After a week of reruns, CT-N is back on the air [as of yesterday] after the Office of Legislative Management hired some former employees of the Connecticut Public Affairs Network (CPAN), the non-profit that operated CT-N since 1999.

Legislative leadership says that CT-N, which is operating under a radically reduced budget, will focus its cameras on the General Assembly, largely to the exclusion of the executive and judicial branches.  Leadership says that this narrow focus is consistent with CT-N’s original mission.  But as Christine Stuart reports on CT News Junkie, leadership’s understanding of CT-N’s original mission is just plain wrong.  Coverage of all three branches of state government was always part of CT-N’s mission.

Leadership’s intention to keep CT-N’s cameras focused on the General Assembly raises two significant legal questions.  First, there is a serious question whether that focus is consistent with the statute that provides funding for CT-N’s operations.  General Statutes § 2-71x provides:

For the fiscal year ending June 30, 2018, and each fiscal year thereafter, the Comptroller shall segregate one million six hundred thousand dollars of the amount of the funds received by the state from the tax imposed under chapter 211 on public service companies providing community antenna television service in this state. The moneys segregated by the Comptroller shall be deposited with the Treasurer and made available to the Office of Legislative Management to defray the cost of providing the citizens of this state with Connecticut Television Network coverage of state government deliberations and public policy events. (Emphasis supplied.)

Nothing in the text of § 2-71x authorizes or permits OLM to use the funds that the Comptroller deposits with the Treasurer to operate a cable channel that focuses only on the General Assembly, which is just one branch of our state government.  To the contrary, I believe that OLM is statutorily obligated to use the funds to defray the costs of covering all three branches of government.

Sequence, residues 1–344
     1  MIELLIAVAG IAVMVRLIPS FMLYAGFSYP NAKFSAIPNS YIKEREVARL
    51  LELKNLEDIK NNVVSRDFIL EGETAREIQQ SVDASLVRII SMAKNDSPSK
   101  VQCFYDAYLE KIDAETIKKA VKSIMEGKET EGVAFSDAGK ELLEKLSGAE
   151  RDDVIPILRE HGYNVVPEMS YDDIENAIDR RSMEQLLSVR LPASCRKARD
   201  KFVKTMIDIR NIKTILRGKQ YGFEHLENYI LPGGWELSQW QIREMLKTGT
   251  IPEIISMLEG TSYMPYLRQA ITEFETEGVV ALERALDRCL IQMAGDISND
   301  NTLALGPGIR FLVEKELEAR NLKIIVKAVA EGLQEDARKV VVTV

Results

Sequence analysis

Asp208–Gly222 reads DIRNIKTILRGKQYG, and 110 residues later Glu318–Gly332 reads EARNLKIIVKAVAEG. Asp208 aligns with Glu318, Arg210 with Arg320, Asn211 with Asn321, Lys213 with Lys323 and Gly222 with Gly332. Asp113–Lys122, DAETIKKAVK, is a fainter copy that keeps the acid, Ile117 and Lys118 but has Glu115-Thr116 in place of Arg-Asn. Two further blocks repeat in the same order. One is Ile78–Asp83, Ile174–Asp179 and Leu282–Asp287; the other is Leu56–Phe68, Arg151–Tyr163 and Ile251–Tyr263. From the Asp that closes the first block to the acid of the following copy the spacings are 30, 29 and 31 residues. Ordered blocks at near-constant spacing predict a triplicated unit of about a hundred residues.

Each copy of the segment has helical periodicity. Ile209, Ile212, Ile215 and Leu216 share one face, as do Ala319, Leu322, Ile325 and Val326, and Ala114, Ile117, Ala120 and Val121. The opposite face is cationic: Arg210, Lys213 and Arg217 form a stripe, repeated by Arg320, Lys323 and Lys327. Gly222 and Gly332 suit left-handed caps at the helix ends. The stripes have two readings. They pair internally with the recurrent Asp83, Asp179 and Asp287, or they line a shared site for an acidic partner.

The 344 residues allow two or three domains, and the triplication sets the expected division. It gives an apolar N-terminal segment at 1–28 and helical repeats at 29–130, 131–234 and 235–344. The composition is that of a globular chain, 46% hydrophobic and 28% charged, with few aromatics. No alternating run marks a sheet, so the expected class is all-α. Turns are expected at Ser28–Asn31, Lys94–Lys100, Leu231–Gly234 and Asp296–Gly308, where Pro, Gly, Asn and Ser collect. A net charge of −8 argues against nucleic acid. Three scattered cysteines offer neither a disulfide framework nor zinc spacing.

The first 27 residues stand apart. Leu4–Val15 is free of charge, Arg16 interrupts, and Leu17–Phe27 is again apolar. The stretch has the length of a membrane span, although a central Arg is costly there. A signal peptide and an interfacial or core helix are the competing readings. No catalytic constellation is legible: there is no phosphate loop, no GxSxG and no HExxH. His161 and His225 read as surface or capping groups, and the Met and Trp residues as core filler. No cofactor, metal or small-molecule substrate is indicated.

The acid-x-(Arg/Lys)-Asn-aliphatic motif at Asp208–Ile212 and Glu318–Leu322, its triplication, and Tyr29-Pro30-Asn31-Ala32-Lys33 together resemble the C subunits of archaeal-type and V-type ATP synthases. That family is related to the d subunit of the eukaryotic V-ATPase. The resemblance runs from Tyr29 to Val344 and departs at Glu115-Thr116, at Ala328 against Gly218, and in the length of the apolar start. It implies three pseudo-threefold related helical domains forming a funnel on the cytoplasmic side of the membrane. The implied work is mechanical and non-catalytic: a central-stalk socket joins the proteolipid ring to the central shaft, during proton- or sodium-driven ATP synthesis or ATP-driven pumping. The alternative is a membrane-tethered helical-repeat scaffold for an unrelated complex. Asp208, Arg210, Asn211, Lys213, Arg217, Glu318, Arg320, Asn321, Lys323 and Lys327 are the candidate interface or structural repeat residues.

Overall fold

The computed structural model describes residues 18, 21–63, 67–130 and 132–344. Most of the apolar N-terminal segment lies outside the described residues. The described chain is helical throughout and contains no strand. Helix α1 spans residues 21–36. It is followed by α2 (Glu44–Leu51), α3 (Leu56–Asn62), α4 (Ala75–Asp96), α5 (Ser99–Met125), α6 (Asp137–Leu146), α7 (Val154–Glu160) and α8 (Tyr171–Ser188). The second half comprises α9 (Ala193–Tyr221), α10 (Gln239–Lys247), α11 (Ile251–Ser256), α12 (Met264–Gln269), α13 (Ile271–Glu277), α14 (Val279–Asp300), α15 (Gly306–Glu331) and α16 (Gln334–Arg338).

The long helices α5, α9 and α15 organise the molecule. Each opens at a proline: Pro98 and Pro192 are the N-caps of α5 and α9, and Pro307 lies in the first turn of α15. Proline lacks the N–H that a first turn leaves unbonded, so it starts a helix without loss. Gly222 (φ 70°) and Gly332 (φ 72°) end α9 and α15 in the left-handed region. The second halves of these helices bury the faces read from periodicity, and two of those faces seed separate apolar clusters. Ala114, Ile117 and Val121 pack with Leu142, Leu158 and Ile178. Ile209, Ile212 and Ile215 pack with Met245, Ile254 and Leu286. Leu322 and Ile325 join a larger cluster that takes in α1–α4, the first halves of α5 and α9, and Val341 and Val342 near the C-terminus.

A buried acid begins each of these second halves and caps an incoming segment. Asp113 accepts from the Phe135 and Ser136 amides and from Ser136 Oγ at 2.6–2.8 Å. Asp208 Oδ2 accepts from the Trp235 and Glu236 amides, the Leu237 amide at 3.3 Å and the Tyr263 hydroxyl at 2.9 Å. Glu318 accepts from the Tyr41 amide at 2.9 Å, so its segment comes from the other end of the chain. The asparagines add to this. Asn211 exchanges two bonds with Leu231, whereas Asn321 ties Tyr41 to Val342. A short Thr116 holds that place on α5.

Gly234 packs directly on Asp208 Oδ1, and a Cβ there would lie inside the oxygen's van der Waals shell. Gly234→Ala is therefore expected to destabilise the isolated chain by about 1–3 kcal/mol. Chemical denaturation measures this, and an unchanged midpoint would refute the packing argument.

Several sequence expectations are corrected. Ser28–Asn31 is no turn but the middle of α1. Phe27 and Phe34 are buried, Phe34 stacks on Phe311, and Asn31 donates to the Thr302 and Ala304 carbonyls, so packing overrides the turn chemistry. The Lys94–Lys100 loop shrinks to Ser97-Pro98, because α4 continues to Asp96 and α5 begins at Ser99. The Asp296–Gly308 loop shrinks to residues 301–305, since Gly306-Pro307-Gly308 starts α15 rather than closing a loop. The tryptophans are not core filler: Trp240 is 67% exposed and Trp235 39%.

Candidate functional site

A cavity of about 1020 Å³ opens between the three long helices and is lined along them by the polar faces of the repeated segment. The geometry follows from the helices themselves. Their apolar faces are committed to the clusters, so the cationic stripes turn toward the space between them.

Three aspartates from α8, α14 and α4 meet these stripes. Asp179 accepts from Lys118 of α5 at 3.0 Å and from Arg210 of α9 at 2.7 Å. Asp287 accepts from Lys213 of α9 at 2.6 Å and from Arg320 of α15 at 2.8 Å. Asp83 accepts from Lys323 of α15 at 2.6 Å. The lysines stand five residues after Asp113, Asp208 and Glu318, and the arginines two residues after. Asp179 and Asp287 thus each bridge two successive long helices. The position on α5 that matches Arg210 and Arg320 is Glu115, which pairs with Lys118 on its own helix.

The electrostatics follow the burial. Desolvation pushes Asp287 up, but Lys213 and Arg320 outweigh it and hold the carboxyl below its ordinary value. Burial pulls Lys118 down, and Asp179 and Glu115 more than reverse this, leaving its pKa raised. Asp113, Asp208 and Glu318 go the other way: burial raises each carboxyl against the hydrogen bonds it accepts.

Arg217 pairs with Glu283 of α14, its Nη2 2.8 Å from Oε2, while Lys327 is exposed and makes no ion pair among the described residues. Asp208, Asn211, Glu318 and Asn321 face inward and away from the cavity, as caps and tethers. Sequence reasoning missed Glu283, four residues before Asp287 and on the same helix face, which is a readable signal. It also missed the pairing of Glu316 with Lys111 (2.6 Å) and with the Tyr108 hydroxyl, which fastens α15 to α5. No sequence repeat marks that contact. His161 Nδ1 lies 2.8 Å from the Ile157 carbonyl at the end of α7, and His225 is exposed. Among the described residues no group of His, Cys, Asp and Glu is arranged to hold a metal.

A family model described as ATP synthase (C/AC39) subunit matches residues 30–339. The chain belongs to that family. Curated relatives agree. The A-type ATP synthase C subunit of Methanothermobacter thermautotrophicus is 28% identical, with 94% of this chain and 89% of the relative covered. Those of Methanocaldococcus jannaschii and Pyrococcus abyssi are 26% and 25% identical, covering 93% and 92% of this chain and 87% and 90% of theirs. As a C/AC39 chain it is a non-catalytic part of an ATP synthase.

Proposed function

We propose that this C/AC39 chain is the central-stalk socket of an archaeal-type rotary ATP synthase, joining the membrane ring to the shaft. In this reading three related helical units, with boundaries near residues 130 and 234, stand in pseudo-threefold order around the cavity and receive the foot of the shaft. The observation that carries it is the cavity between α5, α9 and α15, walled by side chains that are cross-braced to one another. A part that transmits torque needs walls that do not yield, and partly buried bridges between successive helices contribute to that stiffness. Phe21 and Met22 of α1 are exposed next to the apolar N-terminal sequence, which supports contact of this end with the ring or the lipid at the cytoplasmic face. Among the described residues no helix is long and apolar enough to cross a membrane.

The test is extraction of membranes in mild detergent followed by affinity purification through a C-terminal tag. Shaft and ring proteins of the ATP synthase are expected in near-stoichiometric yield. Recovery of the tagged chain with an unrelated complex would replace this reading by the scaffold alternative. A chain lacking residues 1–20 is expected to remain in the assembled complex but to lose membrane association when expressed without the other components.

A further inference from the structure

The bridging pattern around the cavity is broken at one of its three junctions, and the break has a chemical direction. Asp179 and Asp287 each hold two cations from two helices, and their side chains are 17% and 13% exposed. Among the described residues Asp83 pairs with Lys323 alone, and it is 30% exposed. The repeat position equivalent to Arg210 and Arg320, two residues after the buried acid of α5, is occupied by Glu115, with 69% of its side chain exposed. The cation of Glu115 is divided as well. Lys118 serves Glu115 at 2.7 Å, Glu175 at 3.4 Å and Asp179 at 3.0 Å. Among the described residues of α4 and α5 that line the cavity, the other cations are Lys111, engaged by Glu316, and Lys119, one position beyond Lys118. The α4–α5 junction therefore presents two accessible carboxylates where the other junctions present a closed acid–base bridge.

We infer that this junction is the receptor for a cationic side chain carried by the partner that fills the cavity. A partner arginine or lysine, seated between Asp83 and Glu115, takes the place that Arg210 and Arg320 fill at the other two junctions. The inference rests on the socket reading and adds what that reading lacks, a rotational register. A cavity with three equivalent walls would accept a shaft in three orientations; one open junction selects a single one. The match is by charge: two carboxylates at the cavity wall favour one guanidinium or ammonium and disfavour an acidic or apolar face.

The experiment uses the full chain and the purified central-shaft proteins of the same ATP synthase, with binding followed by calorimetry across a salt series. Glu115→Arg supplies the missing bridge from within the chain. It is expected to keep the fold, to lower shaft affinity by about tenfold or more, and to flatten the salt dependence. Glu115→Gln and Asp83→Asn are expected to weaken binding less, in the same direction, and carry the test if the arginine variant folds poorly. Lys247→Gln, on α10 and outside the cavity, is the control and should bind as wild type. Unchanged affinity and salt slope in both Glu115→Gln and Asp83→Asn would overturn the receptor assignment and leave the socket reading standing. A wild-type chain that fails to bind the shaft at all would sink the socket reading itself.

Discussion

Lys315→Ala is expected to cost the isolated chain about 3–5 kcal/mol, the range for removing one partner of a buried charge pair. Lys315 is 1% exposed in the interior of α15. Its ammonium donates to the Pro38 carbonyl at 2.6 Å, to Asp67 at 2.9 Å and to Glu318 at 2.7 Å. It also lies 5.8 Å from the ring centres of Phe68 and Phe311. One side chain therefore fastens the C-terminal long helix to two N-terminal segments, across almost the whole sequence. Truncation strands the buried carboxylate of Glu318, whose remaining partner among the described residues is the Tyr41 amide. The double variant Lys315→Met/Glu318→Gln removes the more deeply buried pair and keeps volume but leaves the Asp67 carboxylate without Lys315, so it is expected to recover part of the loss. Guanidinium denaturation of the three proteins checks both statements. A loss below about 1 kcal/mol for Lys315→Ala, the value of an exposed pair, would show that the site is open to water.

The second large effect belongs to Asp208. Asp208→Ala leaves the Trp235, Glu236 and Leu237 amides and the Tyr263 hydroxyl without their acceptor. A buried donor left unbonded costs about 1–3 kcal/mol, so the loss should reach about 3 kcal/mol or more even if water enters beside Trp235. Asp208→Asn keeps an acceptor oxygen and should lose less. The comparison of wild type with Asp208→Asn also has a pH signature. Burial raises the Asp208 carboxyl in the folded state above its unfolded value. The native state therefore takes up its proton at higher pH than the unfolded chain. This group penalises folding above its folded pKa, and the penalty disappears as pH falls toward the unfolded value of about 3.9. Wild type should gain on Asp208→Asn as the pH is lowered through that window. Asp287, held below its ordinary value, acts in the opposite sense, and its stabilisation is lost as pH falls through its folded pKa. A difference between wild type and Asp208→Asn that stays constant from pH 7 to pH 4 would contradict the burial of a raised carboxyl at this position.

Second, even if the text of § 2-71x could be read to authorize a “legislature-only” CT-N, the text arguably would run afoul of the state constitution.   Article second of the state constitution states:

The powers of government shall be divided into three distinct departments, and each of them confined to a separate magistracy, to wit, those which are legislative, to one; those which are executive, to another; and those which are judicial, to another.

From a constitutional perspective, however, no single branch is more important than the other two; that is, they are coequal branches of government.  Given the fundamental architecture of our state government, can a single branch –the General Assembly– constitutionally create and operate a television network that excludes the other branches from coverage, or that only permits coverage of the other branches at the discretion of the legislature?

I think the answer to this question is “no,” although I acknowledge the matter is open to debate, as are many constitutional questions.  But under the well-settled rule that statutes should be construed to avoid, rather than create, serious constitutional issues, § 2-71x should be construed to require CT-N to cover all three coequal branches of government.

The General Assembly is scheduled to reconvene [today]  in special session to consider revisions to the state budget it finally passed last month.  To avoid the legal problems discussed above, one of the revisions legislators should make is to restore proper funding for CT-N.   And OLM should be directed immediately to issue a new request for proposals for a non-profit entity, like CPAN, to operate the network, free of the editorial restrictions that OLM demanded in the RFP issued last spring.

Dan Klau is an attorney with McElroy, Deutsch, Mulvaney & Carpenter, LLP. His opinions are his own and not those of his law firm. 

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